April 21, 2000

Evergreen Shrub Review

(Note: A Bit of Earth sells expert opinions, not plants. Plants are selected for review and recommendation or rejection on the combined basis of Carolyn's tastes and her professional judgment of them as reasonable choices for the La Jolla ar ea, regardless of the distributor from whom they can be purchased. Healthy plants can be obtained from many sources all over town, the difference being chiefly one of price. Nurseries, garden supply stores, landscaping corporations, and hardware distribu tors are also up for review on this site.)

Cistus purpureus: Heaven-Scent from the Desert

What dusty-green, rounded shrub with large hot-pink tissue-paper flowers spotted with crimson waves cheerfully from inhospitable slopes and crags in spring and summer? Hint: It's easy to grow, loves to be neglected, and requires no pruning to look fabulous and bloom profusely for several months--in the ground or on the patio.

It's the orchid rock rose, Cistus purpureus, and it's in bloom now!

Cistus likes to sneak up on you. For months after my arrival in California, I wondered about that intriguingly dry, woody perfume that seemed to be strongest in the less pampered areas of the neighborhood. I came to love the smell before I ever saw the plant in bloom; I had assumed it was some scraggly little weed, or even dry-rotting wood. The combination of the bright flowers and the exotic aroma were simply irresistible. When I acquired my own specimen, I was in for another sweet surprise: the buds squatted innocently at the ends of the stems for several days without showing any sign of color or growth, then suddenly flung wide five half-dollar-sized petals with theatrical flair, curling them in slightly as evening approached.

A very nice thing about cistus' scent is that you can enjoy it all year whether the plant is in bloom or not. The leaves exude the oleoresin responsible for the fragrance. This hybrid's parents, Cistus creticus and especially Cistus ladanif er, have been used since ancient times in perfumery, ladanum being the modern substitute for the sperm whale's ambergris.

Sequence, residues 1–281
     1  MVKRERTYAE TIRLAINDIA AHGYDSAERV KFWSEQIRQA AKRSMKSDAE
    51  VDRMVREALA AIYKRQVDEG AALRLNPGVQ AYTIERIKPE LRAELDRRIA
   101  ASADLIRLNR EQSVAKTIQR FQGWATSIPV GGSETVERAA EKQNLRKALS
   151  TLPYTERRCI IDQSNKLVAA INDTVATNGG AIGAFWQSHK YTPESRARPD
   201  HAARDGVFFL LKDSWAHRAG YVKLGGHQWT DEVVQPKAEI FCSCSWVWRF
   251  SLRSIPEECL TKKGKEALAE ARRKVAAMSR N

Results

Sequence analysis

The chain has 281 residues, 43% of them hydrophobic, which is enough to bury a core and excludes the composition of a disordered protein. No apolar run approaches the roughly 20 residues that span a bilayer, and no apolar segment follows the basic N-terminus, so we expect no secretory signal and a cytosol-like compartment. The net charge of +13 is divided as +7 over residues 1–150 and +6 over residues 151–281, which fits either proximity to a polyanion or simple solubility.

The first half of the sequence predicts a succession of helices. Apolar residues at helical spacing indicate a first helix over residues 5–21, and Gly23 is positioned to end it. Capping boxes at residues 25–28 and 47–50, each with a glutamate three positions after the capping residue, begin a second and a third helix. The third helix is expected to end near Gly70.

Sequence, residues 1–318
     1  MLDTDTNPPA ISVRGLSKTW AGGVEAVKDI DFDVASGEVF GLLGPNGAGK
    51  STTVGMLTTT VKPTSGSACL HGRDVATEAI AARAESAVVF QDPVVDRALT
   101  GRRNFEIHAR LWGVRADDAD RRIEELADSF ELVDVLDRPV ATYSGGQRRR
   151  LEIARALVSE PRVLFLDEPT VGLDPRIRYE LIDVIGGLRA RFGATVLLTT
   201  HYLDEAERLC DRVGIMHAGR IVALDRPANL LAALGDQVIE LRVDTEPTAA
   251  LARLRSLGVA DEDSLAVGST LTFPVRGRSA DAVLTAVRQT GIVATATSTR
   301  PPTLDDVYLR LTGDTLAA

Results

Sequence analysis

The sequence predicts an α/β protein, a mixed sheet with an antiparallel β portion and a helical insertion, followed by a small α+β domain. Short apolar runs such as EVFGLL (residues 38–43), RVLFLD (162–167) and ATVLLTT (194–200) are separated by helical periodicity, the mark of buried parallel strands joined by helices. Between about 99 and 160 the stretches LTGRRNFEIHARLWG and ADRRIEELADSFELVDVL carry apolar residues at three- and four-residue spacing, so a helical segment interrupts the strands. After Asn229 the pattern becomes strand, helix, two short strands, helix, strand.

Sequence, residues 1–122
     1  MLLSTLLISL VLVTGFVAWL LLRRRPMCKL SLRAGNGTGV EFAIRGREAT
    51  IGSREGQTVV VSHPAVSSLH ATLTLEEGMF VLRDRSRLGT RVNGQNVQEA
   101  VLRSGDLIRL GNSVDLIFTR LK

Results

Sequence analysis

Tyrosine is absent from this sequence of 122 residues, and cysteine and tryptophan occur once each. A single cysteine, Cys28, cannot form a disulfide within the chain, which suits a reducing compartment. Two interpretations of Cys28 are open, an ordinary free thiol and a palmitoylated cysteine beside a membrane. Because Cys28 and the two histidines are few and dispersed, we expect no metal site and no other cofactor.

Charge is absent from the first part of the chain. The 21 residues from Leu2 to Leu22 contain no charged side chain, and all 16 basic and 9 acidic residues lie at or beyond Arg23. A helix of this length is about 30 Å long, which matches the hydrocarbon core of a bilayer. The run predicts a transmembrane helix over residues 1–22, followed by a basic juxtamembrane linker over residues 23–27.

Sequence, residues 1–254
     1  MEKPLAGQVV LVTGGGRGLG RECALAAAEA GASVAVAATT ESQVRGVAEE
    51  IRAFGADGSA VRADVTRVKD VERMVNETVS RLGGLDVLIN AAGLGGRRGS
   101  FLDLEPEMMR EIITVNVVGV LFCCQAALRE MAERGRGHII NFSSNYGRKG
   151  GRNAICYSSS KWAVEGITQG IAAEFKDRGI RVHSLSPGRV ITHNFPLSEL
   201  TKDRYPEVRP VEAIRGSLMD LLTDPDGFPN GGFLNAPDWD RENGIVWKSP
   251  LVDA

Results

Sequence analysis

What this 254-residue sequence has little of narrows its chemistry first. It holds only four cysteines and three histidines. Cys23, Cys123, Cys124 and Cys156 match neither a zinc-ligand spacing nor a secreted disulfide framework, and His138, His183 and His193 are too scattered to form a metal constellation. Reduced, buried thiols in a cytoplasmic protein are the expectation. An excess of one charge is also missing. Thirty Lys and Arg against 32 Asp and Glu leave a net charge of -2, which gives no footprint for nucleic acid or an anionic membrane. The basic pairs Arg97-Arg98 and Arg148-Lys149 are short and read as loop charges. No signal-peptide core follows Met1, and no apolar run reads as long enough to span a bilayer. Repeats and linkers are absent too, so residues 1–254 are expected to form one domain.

Not too much, please! Cistus would rather be left alone to make a spectacle of itself unencumbered by cultivation. Though cistus is not native to our continent, it thrives in this Mediterranean climate so like its original home. Pests, other than lands cape-laborers with shears, are not normally a problem. It grows quickly, so make sure that you have the space to accommodate it. Cistus purpureus, a compact variety, can attain a height and width of four feet. Caution: Cistus albidus can expand to a width of 8 feet! (Hint: not a low-maintenance hedge choice.) Make sure you know which species you're buying.

Can I Have One?

Almost certainly, unless your only bit of earth is a moist patch between two tall buildings. I have a rock rose blooming furiously in a small pot on the patio; I put it in the far sunniest corner when it isn't in bloom, and move it to the doorway to enjoy the flowers. You do need a mostly sunny spot, but Cistus will put up with most of La Jolla's idiosyncracies, including salt spray, sandy soil, cold wind, glaring sunlight, parched air, cold nights--and fire!. In return for these gifts, Cistus will brighten that empty steep slope and prevent erosion just for good measure. And, of course, supply that heavenly scent of the desert.